October 13, 2009, 3:25 PM — First, you need to set up .forward files for the system accounts that just don't need to be receiving email. A .forward file that dumps email to /dev/null can be as simple as this:
If you've ever tried this and found that it didn't work, you might not have taken into consideration how fussy sendmail can be about file permissions. If sendmail thinks the permissions on your .forward file aren't proper and secure, it ignores them and might or might not write messages into your syslog file complaining about the problem.
You also need to make sure that the .forward files are owned by the appropriate user. For example, listen might have /usr/net/nls as its home directory. A /usr/net/nls/.forward file should look like this:
# ls -l /usr/net/nls/.forward -rw------- 1 listen other 12 Oct 13 14:24 /usr/net/nls/.forward
Too bad we have to do things like this, but it beats using up the space in /var/mail with spam and it beats collecting files in /var/spool/mqueue as our too polite mail service tries to return undeliverable messages to their senders.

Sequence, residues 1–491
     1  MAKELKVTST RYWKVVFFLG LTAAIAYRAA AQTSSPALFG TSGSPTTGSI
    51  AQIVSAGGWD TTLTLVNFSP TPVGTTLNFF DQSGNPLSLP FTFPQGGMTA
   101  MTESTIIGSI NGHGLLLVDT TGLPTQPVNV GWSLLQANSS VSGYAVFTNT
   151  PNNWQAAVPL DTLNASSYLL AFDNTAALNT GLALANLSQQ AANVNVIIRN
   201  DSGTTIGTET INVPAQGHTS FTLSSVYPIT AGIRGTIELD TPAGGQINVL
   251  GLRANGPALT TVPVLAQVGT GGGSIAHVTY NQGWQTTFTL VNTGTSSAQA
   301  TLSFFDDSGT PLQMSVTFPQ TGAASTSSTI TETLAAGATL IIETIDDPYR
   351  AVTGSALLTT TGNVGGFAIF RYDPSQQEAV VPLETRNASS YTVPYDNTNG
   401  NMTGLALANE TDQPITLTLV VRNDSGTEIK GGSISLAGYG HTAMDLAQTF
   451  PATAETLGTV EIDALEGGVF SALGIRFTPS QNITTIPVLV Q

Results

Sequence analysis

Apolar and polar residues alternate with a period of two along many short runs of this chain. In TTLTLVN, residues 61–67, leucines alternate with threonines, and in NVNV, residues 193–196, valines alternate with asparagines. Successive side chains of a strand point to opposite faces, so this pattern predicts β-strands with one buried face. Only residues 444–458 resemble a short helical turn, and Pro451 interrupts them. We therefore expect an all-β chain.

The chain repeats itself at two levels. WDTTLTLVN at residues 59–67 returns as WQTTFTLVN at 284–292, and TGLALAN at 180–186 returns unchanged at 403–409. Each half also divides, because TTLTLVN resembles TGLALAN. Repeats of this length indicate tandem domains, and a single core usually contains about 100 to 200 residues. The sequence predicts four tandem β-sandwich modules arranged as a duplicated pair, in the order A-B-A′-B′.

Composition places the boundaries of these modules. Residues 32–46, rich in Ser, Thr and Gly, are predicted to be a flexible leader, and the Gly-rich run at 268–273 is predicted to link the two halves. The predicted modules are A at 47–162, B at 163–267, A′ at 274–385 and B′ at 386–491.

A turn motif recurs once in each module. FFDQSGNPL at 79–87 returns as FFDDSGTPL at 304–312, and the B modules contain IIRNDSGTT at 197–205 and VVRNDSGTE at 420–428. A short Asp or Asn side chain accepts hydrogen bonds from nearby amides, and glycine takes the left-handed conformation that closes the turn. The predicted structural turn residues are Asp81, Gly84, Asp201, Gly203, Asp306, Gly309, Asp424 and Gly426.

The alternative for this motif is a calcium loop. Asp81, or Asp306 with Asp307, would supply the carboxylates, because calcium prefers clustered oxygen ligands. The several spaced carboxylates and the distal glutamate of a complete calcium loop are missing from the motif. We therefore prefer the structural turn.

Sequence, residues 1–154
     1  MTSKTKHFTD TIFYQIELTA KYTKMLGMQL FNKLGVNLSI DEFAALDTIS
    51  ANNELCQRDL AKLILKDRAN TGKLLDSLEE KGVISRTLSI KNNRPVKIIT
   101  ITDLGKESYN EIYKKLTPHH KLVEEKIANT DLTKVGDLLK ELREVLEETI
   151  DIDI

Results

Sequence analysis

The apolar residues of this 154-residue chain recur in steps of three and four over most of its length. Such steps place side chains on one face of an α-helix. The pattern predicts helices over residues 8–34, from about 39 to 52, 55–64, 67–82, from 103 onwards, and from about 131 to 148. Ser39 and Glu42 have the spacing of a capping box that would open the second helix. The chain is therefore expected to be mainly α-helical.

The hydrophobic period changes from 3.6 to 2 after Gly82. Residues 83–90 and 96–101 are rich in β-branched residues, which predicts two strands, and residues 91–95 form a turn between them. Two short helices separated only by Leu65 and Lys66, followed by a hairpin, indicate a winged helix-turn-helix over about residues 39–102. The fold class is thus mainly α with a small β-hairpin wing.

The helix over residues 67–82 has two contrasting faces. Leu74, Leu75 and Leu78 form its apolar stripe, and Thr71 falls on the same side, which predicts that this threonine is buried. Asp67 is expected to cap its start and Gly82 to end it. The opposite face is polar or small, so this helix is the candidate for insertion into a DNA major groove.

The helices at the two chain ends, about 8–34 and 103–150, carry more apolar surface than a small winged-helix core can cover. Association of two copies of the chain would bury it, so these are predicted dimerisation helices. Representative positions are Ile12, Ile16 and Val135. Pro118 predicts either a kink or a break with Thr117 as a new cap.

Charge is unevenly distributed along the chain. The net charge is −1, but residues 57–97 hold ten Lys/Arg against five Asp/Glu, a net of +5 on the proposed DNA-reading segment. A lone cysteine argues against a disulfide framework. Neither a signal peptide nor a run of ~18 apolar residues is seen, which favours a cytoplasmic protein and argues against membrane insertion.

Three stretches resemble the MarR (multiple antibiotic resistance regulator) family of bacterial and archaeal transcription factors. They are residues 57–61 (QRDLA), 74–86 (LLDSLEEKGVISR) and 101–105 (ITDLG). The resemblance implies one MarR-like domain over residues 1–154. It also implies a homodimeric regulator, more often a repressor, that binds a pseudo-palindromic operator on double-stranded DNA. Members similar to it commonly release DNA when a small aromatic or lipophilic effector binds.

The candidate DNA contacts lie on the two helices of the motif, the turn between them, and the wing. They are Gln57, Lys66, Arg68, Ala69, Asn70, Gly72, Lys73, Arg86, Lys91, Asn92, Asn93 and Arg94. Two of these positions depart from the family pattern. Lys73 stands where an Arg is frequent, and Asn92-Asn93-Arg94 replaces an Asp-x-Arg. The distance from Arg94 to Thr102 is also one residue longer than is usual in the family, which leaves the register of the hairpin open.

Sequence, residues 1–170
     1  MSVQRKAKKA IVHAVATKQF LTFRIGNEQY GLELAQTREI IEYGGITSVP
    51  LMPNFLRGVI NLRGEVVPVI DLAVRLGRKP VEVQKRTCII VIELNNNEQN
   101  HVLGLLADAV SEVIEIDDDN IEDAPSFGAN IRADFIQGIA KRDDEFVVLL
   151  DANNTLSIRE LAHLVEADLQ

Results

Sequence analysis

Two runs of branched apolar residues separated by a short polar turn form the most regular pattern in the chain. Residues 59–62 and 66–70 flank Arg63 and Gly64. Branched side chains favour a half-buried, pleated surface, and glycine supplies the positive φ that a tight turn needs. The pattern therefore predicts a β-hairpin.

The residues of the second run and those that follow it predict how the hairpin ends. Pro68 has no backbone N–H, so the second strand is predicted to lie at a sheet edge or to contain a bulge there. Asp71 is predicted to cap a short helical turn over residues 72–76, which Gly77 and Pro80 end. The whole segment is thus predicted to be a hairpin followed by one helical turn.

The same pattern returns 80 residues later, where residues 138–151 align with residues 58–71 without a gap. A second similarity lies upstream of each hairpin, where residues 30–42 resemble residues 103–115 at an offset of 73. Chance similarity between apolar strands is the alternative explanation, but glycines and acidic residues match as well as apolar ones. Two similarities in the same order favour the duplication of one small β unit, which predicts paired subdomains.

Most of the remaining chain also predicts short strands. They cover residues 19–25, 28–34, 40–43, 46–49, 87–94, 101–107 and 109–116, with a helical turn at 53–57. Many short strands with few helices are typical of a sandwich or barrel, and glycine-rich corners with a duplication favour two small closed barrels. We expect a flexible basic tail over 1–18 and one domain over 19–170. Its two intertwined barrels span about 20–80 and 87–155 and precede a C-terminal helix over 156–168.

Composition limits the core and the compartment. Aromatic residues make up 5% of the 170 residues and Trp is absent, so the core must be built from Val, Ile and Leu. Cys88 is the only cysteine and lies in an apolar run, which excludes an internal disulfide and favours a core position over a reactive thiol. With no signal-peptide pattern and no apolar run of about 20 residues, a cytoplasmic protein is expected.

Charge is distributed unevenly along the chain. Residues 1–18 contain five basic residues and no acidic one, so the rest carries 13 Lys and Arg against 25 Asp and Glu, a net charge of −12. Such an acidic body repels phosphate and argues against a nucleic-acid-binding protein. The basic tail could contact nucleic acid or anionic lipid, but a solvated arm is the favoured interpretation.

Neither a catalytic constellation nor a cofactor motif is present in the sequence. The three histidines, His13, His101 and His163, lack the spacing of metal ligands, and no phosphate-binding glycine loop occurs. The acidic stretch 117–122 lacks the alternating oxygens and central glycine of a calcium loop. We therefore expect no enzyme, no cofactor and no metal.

If, for some reason, you expect one of these administrative accounts to actually receive meaningful email, you should probably use a more sophisticated approach, such as a procmail filter, to separate the spam from the legitimate email and send it to /dev/null.
This simple approach is likely to run into a snag when it comes to adm. Since adm's home is usually /var/adm and this directory needs to be group writable, sendmail is likely to ignore any .forward files placed in this directory, complaining that "/var/adm/.forward is a "Group writable directory". One option is to redefine adm's home to some other directory. If you opt for this, make sure this has no effect on your /var/adm log files, both before and after a reboot.
Sending spam addressed to system accounts may seem like a small deal but on one system that I implemented the .forward files on, the ls /var/spool/mqueue directory went from building up to thousands of files to generally being empty. Spam addressed to real users still arrives, but that's a job for another tool. Maybe next week we'll look at procmail.